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Saturday, January 15, 2011

Rolex 24 Viewer's Guide for the IndyCar Fan

The Rolex 24 at Daytona is one of the most prestigious sports car endurance races in the world. Held on the road course inside the famed Daytona International Speedway, the race was established as a three-hour event in 1962 before eventually expanding to 2000 kilometers in 1964 and taking its current form in 1966.

Most sports car events are much shorter than the Rolex 24, especially within the Rolex Sports Car Series that has contested the event since 2000, and only require two or three drivers. But the days of a two-man team competing in a 24-hour event are long gone; teams now look to four or five drivers to contest these lengthier events.

Some of the added drivers come from within sports car racing, drivers who don't have a full-time job but provide safe options for teams looking to fill out their rosters. NASCAR drivers have also joined the field in recent years, especially since Grand-Am took over the event in 2000; Grand-Am founder Jim France is the son of NASCAR founder Bill France, and the two sanctioning bodies have merged their communication resources for the past few years.

But IndyCar drivers past and present may be some of the most popular additions to driver lineups, primarily in the top-tier Daytona Prototypes, for this prestigious event. For each of the past five years, and seven times in the past decade, a driver with significant IndyCar, CART, or Champ Car experience has taken the overall victory as part of a team. In fact, 2006's winning team was composed solely of Scott Dixon, Dan Wheldon, and Casey Mears, the former two full-time IndyCar drivers and the third an ex-CART and current NASCAR competitor.

This year is no different, as over two dozen drivers with open-wheel chops will appear at Daytona once again. Need help keeping up with who's where? Look no further:

Open-Wheeler Super Teams: It's no surprise that Chip Ganassi would employ five current or former open-wheel drivers between his two Daytona Prototypes. Ex-CART driver Scott Pruett has been his lead driver for years now, in the No. 01 car, and will drive with Graham Rahal. Ganassi's second car is traditionally reserved for his NASCAR and IndyCar drivers, and this year is no different; Scott Dixon, Dario Franchitti, and CART champion-turned-NASCAR driver Juan Pablo Montoya will wheel that vehicle.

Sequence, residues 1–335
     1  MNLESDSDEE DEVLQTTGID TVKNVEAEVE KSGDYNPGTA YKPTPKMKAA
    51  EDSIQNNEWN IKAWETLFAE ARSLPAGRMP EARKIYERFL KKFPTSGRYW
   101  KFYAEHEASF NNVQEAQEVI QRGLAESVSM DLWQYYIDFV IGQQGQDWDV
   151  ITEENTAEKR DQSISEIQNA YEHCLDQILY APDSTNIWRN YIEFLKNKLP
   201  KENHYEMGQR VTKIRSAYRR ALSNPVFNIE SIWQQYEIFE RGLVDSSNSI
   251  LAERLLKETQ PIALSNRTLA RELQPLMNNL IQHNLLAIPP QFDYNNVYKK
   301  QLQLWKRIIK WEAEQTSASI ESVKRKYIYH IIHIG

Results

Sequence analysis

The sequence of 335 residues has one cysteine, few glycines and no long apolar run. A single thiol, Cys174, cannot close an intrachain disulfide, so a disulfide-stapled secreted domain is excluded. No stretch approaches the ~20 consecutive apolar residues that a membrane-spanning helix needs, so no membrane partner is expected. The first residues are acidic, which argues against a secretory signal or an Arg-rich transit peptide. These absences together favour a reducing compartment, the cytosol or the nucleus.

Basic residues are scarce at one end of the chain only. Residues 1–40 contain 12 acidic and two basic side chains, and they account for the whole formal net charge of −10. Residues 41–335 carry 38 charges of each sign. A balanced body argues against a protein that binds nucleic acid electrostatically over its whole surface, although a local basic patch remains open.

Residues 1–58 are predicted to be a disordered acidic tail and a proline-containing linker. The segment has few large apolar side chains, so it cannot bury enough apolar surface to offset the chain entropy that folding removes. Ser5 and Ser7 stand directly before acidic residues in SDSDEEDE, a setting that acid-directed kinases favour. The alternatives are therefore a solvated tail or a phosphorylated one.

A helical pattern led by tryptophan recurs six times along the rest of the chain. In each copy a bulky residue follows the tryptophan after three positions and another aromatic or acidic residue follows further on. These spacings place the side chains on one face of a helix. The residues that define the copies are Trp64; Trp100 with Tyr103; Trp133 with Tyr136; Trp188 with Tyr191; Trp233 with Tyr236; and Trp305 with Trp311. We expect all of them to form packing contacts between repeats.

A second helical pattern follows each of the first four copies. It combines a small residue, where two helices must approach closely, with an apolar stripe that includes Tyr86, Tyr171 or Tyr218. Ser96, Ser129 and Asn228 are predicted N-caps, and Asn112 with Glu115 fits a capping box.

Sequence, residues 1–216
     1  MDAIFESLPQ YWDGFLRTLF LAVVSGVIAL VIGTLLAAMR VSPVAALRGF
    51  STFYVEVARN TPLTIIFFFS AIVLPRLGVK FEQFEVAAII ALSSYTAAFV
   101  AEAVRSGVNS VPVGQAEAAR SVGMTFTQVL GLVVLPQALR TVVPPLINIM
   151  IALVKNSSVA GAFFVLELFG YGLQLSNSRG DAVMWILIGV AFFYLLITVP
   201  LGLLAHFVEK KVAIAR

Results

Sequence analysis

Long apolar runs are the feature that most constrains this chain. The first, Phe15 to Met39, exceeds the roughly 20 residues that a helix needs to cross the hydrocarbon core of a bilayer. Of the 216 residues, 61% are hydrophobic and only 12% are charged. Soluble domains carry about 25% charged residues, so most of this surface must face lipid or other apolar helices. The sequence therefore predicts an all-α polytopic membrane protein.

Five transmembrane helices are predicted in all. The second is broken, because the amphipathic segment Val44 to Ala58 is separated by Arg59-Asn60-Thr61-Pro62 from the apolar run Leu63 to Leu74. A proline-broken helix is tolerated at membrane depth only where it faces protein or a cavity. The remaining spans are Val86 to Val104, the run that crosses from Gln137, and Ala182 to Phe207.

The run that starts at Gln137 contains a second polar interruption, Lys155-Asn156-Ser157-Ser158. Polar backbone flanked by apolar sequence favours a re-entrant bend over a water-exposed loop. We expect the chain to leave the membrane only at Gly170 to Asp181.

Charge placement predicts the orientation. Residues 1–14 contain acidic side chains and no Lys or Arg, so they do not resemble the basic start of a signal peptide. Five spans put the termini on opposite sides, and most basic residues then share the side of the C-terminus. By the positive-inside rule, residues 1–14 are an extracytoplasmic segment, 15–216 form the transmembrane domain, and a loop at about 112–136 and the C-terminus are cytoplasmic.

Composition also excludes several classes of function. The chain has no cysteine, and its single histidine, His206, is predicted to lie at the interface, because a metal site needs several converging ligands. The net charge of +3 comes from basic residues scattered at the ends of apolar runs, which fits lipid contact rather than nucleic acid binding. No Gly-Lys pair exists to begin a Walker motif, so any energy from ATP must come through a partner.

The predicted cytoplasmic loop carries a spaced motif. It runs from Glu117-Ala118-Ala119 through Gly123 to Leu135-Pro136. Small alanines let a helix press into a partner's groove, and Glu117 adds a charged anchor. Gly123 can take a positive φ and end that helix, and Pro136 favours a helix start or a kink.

Michael Shank Racing will follow the same strategy as Ganassi did in 2006 with their No. 6 entry, pairing current IndyCar competitor Justin Wilson with two open-wheel-turned-NASCAR drivers: 2006 Champ Car third-place finisher A.J. Allmendinger, and 2004 Star Mazda champion and ex-Champ Car driver Michael McDowell.

Current IndyCar Drivers: Rahal, Franchitti, Dixon, and Wilson aren't the only current IZOD IndyCar Series competitors to land a drive. Ryan Briscoe will work with Wayne Taylor Racing, which has a history of fielding Team Penske drivers in the event. Meanwhile, Ryan Hunter-Reay will return to Level 5 Motorsports, with whom he competed in a handful of American Le Mans Series events last year. Joining him there will be Raphael Matos, whose 2010 Rolex 24 drive at Brumos Racing no longer exists as a Daytona Prototype.

CART, IRL, and Champ Car Alumni: Many open-wheel drivers migrate to sports car racing when their careers at Indianapolis end. Often times they become sports car champions as well. Action Express Racing, which has in effect taken over the Brumos Daytona Prototype operation as that team shifts to GT, has hired three drivers who have followed this career path: 2004 Indianapolis 500 and 2009 Rolex 24 winner Buddy Rice in the No. 5, and 2002 Rolex 24 winner Max Papis and 2004 winner Christian Fittipaldi in the No. 9.